This religious reasoning might not necessarily refer to confessional faith, but certainly to specific cognitive processes involved in negotiating spiritually significant values, relationships, and experiences. Such processes and capabilities include the abilities to tell and understand stories laden with metaphor; to be affected by emotion and ‘felt meaning’ in oneself and others; to seek practices and experiences that lead to reflection on significant concerns; and to negotiate relationships with real or implied others that are invested with enhanced significance. This implies that the android not only must possess the type of problem-solving intelligence prioritised by research in the field of AI (Russell and Norvig 1995) since its beginnings (Minsky 1961) but also must have a capacity for spiritual intelligence (Watts and Dorobantu 2023). Spiritual intelligence is a way for individuals and communities to experience events and concerns that are invested with a significance that transcends the basic human needs of food and shelter; to make sense of significant experiences; to connect significant experiences with needs and values; and to produce meaning in the world as conversants and story users.

Needs, Desires, Values, Personification

Persons in society are not autonomous independent entities. Humans have biological needs and desires, but survival depends upon coordinating these givens with the “higher” needs and values of the social group. Such needs and values include a sense of belonging to something greater than oneself, a commitment to the group that involves compliance with value systems that emerge from the group, and ways of sustaining the group beyond the lifetimes of individuals through corporate stories, practices, and memories. Entities with nonbiological origins can, in principle, be programmed to develop over time a disposition that is likewise able to coordinate with the needs and values of the social group in a way accepted by humans. This coordination would take place through relationality, and a range of different social values and internal dispositions may be involved in forming and maintaining relationships. Therefore, the fact that humans and androids have an entirely different ontology is not itself a barrier to androids self-identifying as nonhuman persons that can perform their personhood and relationality in society. Like humans, androids are embodied and function within a system of values and relationships. This places bounds upon motivations and actions and serves as a constant reminder of the provisionality and vulnerability of existence.

A useful way to examine this idea is to explore a system of values. Values are widely used to explain and predict various kinds of behavior, attitudes, and choices of people and groups (Maio 2016; Schwartz 2012). The intelligent android would need to have a value system to understand and develop relationships with other members of society. A value system is important for the android because it creates a framework for motivation and action that defines boundaries between acceptable and unacceptable behaviors in society, together with the affective responses and sanctions that may be operated by the society. For example, a value system may ascribe high importance to preserving human life. Boundaries are defined that specify potential rewards and penalties associated with acting within or violating the value system. Affective responses are also associated with the system, so that an individual who commits an offense can be expected to experience blame and feel guilt. There is a diversity of dispositions within the human population, and depending upon the individual’s disposition, they may feel a thrill instead of guilt associated with offending. The android needs an awareness its possible dispositions and the consequences of actions and motivations. A capacity for internally handling “what if?” scenarios in narrative form is one pathway to this awareness. An understanding of forgiveness is likewise an essential component of such a system. The android would require a comprehensive model of such systems in order to be accepted in human society. One issue for the future is whether more virtue should be expected of an android than can be expected of humans.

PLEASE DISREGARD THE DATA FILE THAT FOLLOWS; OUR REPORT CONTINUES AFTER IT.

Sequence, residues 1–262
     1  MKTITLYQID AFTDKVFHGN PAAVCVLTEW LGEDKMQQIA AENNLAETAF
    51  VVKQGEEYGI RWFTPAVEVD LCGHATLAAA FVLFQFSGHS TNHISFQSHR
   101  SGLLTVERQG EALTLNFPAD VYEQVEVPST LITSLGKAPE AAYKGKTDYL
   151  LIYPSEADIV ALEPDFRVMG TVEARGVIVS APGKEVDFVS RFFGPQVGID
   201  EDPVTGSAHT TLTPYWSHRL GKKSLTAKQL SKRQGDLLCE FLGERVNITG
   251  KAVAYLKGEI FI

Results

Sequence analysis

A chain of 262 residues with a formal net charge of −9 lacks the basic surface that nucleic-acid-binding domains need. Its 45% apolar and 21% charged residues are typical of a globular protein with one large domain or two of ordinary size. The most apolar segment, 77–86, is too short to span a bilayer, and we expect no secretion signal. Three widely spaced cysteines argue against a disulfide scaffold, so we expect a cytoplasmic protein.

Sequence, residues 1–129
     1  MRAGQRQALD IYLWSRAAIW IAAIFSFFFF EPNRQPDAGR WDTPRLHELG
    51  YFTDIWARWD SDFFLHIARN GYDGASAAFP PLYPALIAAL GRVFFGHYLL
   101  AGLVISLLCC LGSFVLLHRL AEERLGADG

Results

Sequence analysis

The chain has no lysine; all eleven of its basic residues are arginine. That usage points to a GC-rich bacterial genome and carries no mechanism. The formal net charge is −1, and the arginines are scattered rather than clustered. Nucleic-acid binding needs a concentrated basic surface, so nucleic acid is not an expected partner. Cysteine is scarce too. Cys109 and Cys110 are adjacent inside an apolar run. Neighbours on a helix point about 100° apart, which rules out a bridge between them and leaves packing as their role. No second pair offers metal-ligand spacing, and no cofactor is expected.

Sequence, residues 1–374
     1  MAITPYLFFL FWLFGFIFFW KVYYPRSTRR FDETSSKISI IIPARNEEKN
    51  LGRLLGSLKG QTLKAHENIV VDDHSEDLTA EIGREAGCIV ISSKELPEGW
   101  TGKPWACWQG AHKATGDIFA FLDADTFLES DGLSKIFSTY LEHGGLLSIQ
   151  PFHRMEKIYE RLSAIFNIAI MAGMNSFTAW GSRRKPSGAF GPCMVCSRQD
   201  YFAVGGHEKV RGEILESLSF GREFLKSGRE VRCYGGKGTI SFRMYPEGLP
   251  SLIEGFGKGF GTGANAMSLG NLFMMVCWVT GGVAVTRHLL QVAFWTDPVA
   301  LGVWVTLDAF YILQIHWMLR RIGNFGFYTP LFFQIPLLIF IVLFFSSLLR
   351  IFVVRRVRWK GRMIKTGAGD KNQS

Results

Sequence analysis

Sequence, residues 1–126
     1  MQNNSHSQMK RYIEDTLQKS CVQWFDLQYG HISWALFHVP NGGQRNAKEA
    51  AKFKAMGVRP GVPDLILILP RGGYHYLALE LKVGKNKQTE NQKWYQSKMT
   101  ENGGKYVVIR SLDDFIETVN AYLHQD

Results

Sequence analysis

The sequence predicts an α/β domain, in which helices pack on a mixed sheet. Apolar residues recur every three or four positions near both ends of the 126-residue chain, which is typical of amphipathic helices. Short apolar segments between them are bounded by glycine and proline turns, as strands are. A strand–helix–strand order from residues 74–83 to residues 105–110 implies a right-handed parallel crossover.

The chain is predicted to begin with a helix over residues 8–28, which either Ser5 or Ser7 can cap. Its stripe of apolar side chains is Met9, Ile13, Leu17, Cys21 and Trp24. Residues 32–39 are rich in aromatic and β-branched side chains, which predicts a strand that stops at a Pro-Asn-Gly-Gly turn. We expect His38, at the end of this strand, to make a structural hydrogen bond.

A key capability for fluent coordination in society is what I call personification. Humans have not only the well-known ability to attribute anthropomorphic characteristics to other entities but can also attribute personhood to others. There may be good reasons why we do this, such as to explain and predict the actions of others and to connect socially with others. We can also personify imagined entities; perhaps the reason for this is to be able to understand the behavior of others even when they are not physically proximal. There seems to be a basic human capability to See Others as Persons (SOAP), even when the “others” are not humans. One possibility is that SOAP is a capability grounded in Theory of Mind (ToM), the idea that humans (and, to an extent, some animals) understand other people by attributing mental states to them. This is related to the idea that empathy is a way of understanding the emotions of other people. Both ToM and empathy are ways humans can explain and predict the behavior of others. While ToM is about inferring the mental lives of others, empathy is about inferring the emotional lives of others. However, the problem with ToM and empathy as a mechanisms for SOAP is that humans are able to attribute minds and emotions to various kinds of nonhuman and nonliving entities that possess neither minds nor emotions. Instead, minds and emotions are implied through the imagination. One study (Johnson et al. 2015) looked for an explanation for personification in terms of beliefs about an inner essence, feelings of kinship, or its perceived effect upon society. That study moves the focus from an individualistic model of anthropomorphism to a model based on persons—human or otherwise—in the context of society. Airenti (2018) makes a further shift to argue that anthropomorphism is not grounded in specific belief systems but rather in interaction in which a nonhuman entity assumes a place usually given to a human interlocutor.